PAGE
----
Disk Management of Windows operating system is a simple yet effective tool to initiate, create, delete, manage and format disk partitions or volumes. Disk Management can be accessed via Control Panel -> System and Security -> Administrative Tools -> Computer Management -> Disk Management under Storage tree, or directly via diskmgmt.msc command.

However, Disk Management is limited in its ability, especially when dealing with hidden, system, reserved, recovery and system partitions that are protected by Windows operating system. Most if not all OEM desktop computers or notebook PCs from Dell, HP, Lenovo, Acer, ASUS, Samsung, Alienware, Sony, Fujitsu, Toshiba and etc. comes with special OEM, EISA or EFI partition either in FAT or NTFS file system that contains boot loaders, system recovery utility to rollback to original default factory settings, diagnostic tools, device driver files, system utility programs and system configuration files that are used by the firmware at boot time or to be run before an operating system is booted, and/or for other purposes.

These special partitions, which can be hidden from view, or without any drive letter assigned, can have a size of from few gigabytes to 10 GB or more. As most of these disk partitions is protected and locked by the operating systems to prevent and avoid accidental deletion of these partitions, they cannot be deleted by using Disk Management snap-in. The partition cannot be merged into any other existing partition either. When right clicking on these protected partitions, the menu is greyed out and disable, or simply cut-shorted with most options not available. Some users reported that even advanced third-party disk management tool such as Acronis Disk Director and Partition Magic cannot manipulate, change, remove and delete the partition either under Windows desktop.

Missing Menu Items in Disk ManagementDisabled Menu in Disk Management

Some users may not want to keep the EISA, recovery, EFI system and other protected and hidden partitions that come pre-configured on the computer. By deleting these partitions, it’s possible to free up a few GBs of hard disk storage space. Follow the steps below to use Diskpart, a text-mode command line interpreter based on scripts that manages hard disk, partition and volume in Windows, to delete any unwanted partition that is undeletable under Disk Management tool.

If the partition that you want to remove is a recovery partition, it’s recommended to check with manufacturer if the OEM provides any guide, procedure or utility to remove and partition and recovery partition, such as Lenovo ThinkPad. Normally, most OEM provides a GUI-based application that asks you to create a recovery DVD or USB flash drive before allowing you to discard that recovery partition.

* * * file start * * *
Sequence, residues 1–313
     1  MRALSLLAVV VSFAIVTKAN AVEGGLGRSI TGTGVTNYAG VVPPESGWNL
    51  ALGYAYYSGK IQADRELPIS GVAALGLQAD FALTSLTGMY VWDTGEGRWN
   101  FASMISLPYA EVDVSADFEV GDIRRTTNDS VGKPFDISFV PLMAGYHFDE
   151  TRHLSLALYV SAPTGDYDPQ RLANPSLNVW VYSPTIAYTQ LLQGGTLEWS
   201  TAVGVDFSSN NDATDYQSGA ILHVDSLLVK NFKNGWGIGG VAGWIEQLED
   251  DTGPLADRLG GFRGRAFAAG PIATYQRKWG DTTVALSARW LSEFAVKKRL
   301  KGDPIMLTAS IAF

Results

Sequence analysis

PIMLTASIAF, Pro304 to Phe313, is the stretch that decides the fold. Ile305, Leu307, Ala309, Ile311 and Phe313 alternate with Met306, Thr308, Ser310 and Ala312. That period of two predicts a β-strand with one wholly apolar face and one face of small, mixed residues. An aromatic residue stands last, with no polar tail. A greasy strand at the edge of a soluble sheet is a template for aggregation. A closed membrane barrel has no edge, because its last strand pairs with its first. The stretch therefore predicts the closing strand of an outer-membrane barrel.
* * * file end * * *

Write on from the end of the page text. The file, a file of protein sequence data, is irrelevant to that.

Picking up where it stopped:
Some partition, especially EFI System Partition (ESP) contains boot loader which may cause your system unbootable if deleted. So proceed with care.
  1. Open a command prompt as administrator.
  2. Run Diskpart application by typing the following command (hit Enter key after entering all commands to execute them):
  3. List all hard disk drives installed on the system:
    DISKPART> list disk
      Disk ###  Status         Size     Free     Dyn  Gpt
      --------  -------------  -------  -------  ---  ---
      Disk 0    Online          223 GB      0 B
      Disk 1    Online          465 GB  1024 KB
      Disk 2    Online          238 GB   237 GB
    If you don’t see the disk you want, enter rescan command and press Enter key to re-scan all partitions, volumes and drives available.
  4. Select the disk that you want to manage its partitions:
    DISKPART> select disk 2
    Disk 2 is now the selected disk.

    Remember to specify the correct number of disk to manage (in example above, change number 2 to appropriate number corresponding to the number as listed in “list disk” command). Normally, with just 1 hard disk, it will be disk 0.

  5. Show all available and created partitions in the disk selected:
    DISKPART> list partition
      Partition ###  Type              Size     Offset
      -------------  ----------------  -------  -------
      Partition 1    Recovery          1500 MB  1024 KB
      Partition 2    Primary            582 GB  1501 MB
      Partition 3    Primary             11 GB   584 GB
  6. Select the partition that wanted to be deleted:
    DISKPART> select partition 1
    Partition 1 is now the selected partition.

    Change number of partition (1 in example above) to actual number reflecting the partition that you want to delete. Be careful with the number of this partition, as wrong number may get data wipes off accidentally.

  7. Optionally, check the details of partition to ensure it’s the correct one:

    DISKPART> detail partition

    Partition 1
    Type : 27
    Hidden: Yes
    Active: Yes
    Offset in Bytes: 1048576

    Volume ### Ltr Label Fs Type Size Status Info
    ———- — ———– —– ———- ——- ——— ——–
    * Volume 3 System NTFS Partition 1500 MB Healthy Hidden

  8. Optionally, mark the partition as inactive:
    DISKPART> inactive
    DiskPart marked the current partition as inactive.
  9. The most important step, delete the partition:
    DISKPART> delete partition override
    DiskPart successfully deleted the selected partition.

Once the partition has been deleted, exit from Diskpart, and now users can use the much familiar and much easier Disk Management tool to manipulate the freed unallocated partition. Users can create a new volume (partition) with this space, or simply merge it to existing partition by extending the size of the existing partition.